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Hello I am trying to solve the AlienTiles problem described at alientiles.com using the A* algorithm but I cannot find any good heuristic function so far.

In AlienTiles you have a board with $N \times N$ tiles, all coloured red. By clicking on a tile, all tiles in the same row and column advance to the next color, with the colour order being red $\rightarrow$ green $\rightarrow$ blue $\rightarrow$ purple, resetting to red after purple. A goal state is a state where every tile has the same colour, as long as its not red.

Is there any good point to start? I am completely frustrated about how I am supposed to handle the problem. An easy function that I came up with was the distance of the colour of the current tile with the target tile, but it is very slow.

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  • $\begingroup$ I think your specification of one move in the game is clear enough but you should specify start and end configuration more clearly. $\endgroup$ – Raphael Jan 28 '14 at 8:13
  • $\begingroup$ How slow is "very slow"? How much better are you hoping to do? Is there a particular reason you insist on A*? $\endgroup$ – Juho Jan 28 '14 at 14:13
  • $\begingroup$ I am very impressed that the game is presented as a brand new brain-teaser in the webpage, but it is not! This is just a simple variant of the Merlin's Machine and so many other variants are very easy to obtain. $\endgroup$ – Carlos Linares López Jan 29 '14 at 7:34
  • $\begingroup$ What about stackoverflow.com/questions/21221509/…? $\endgroup$ – user13187 Jan 29 '14 at 12:34
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One candidate approach: for each color $c \in \{\text{green}, \text{blue}, \text{purple}\}$, try to define a distance heuristic $f_c(\cdot)$ that approximates the distance to the specific goal of getting all tiles to be the color $c$. For instance, if $s$ is a state, then $f_\text{green}(s)$ should be an estimate of the distance to the all-green state.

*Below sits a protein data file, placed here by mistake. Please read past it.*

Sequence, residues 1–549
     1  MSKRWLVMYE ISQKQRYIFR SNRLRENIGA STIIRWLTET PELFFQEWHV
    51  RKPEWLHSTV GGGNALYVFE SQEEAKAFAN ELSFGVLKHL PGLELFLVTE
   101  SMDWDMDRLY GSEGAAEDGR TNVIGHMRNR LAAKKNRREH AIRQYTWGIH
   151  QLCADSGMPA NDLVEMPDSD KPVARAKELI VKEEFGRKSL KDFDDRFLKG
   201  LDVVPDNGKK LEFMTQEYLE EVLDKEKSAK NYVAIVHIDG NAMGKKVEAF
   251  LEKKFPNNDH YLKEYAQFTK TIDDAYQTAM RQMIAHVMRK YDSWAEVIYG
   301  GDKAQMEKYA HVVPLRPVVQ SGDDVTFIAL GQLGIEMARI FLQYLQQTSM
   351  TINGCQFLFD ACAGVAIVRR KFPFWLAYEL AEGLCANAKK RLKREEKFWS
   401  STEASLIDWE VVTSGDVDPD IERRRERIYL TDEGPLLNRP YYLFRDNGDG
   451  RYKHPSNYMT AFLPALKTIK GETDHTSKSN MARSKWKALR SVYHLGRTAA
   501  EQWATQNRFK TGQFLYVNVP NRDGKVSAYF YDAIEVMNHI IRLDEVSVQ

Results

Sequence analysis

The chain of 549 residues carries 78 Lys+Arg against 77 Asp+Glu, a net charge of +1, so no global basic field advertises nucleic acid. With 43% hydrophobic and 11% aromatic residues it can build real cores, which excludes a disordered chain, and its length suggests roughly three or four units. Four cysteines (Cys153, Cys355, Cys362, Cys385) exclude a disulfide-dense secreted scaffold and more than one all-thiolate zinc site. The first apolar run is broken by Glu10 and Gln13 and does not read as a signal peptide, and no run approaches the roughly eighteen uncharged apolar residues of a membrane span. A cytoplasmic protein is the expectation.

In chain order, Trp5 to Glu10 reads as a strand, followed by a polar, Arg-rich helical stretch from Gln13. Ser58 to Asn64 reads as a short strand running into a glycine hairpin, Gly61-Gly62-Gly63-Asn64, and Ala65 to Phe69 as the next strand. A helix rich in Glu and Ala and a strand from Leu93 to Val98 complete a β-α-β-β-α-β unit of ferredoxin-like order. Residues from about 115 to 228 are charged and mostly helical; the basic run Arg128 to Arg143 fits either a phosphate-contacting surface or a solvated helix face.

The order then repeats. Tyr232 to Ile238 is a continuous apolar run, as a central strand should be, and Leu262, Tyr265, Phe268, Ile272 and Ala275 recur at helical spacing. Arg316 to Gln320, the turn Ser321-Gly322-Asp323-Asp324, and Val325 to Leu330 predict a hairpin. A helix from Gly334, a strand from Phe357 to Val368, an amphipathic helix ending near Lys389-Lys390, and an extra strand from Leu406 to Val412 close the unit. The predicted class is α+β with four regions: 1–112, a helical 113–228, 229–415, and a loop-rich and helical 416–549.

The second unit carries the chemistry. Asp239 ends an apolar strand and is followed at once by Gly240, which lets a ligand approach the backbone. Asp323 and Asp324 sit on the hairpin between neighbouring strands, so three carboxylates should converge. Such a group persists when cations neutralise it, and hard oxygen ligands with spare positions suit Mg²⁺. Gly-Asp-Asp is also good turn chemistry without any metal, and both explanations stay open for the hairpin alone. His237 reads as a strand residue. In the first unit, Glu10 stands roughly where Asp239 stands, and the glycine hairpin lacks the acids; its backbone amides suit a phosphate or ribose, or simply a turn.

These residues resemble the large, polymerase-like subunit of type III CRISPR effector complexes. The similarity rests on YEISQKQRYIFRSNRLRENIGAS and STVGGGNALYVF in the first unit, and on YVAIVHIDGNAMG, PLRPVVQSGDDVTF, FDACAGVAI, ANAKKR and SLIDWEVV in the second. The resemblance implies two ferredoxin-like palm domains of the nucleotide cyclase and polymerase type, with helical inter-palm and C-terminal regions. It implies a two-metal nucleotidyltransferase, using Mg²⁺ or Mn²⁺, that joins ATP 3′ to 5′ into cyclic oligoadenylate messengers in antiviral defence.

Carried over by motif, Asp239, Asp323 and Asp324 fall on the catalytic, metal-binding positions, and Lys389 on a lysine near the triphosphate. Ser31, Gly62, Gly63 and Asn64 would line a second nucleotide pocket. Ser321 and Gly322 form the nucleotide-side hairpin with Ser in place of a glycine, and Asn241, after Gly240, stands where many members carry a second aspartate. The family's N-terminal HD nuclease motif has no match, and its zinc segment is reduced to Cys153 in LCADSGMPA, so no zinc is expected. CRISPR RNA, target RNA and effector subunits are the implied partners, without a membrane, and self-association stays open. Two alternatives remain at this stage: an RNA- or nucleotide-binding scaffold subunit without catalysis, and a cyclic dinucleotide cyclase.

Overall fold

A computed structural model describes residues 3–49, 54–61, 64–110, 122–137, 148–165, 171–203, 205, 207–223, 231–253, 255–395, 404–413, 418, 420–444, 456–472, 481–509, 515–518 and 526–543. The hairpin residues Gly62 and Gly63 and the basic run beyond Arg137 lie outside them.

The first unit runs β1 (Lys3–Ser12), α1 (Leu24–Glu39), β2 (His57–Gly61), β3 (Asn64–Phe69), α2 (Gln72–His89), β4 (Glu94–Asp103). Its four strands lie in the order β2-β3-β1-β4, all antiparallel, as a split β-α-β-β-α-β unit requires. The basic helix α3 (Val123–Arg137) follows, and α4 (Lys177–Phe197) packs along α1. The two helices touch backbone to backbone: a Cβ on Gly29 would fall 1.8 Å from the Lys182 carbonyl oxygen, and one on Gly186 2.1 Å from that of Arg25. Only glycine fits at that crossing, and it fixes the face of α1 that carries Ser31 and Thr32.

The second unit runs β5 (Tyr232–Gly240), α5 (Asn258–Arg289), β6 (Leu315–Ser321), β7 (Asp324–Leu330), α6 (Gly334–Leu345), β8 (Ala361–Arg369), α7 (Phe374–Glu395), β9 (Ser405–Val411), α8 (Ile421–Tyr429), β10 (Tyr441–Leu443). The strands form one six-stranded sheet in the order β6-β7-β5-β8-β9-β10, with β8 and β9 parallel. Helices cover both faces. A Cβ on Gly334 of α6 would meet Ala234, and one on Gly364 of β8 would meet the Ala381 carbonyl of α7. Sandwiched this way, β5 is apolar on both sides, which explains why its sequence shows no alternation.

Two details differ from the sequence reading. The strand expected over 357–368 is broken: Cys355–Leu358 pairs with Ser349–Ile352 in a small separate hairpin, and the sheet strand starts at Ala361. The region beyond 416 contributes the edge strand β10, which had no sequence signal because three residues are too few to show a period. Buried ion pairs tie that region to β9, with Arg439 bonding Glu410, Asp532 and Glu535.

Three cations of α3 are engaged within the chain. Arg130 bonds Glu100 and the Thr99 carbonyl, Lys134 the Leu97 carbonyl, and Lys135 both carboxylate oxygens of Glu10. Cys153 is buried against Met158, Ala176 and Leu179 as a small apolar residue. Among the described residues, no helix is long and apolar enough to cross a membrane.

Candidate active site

Next, given these heuristics, define a distance heuristic

$$f(s) = \min(f_\text{green}(s), f_\text{blue}(s), f_\text{purple}(s)).$$

Then you could use $f$ as your distance heuristic with $A^*$.

I leave it up to you to see if you can find a suitable definition of $f_c(s)$. One candidate would be the number of tiles in $s$ whose color is not $c$, but that's probably not going to work; you'll probably need something smarter.


If you're willing to use something other than the $A^*$ algorithm, there is an elegant solution to this problem using linear algebra.

Identify the colors red, green, blue, purple with the integers $0$, $1$, $2$, $3$, taken modulo 4 (so you are working in $\mathbb{Z}/4\mathbb{Z}$). Now you can solve the problem using linear algebra. In particular, the state $s$ is a $N^2$-vector over $\mathbb{Z}/4\mathbb{Z}$. Clicking on a tile at position $i,j$ corresponds to updating the state from $s$ to $s+v_{i,j}$, where $v_{i,j}$ is a fixed $N^2$-vector over $\mathbb{Z}/4\mathbb{Z}$. Thus, you can get from state $s$ to state $s'$ if and only if $s'-s$ is in the linear span of the $v_{i,j}$. If it is in the span, then find coefficients $c_{i,j} \in \mathbb{Z}/4\mathbb{Z}$ such that

$$s' - s = \sum_{i,j} c_{i,j} v_{i,j},$$

and this will give you a solution method: for each $i,j$, click on tile $i,j$ exactly $c_{i,j}$ times (order is irrelevant). You can use generalized Gaussian elimination to check whether $s'-s$ is in the span, and if so, to find the coefficients $c_{i,j}$.

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  • $\begingroup$ That's nice D.W.! Among other things you consider the repeated application of the same operator (everytime $c_{i,j}>1$) which is pretty uncommon in heuristics. I was wondering if you could find optimal solutions using your method. $\endgroup$ – Carlos Linares López Jan 29 '14 at 7:36
  • $\begingroup$ @D.W. thx a lot for your time and solution! I will try to put it to action right away $\endgroup$ – Mario Jan 29 '14 at 14:03

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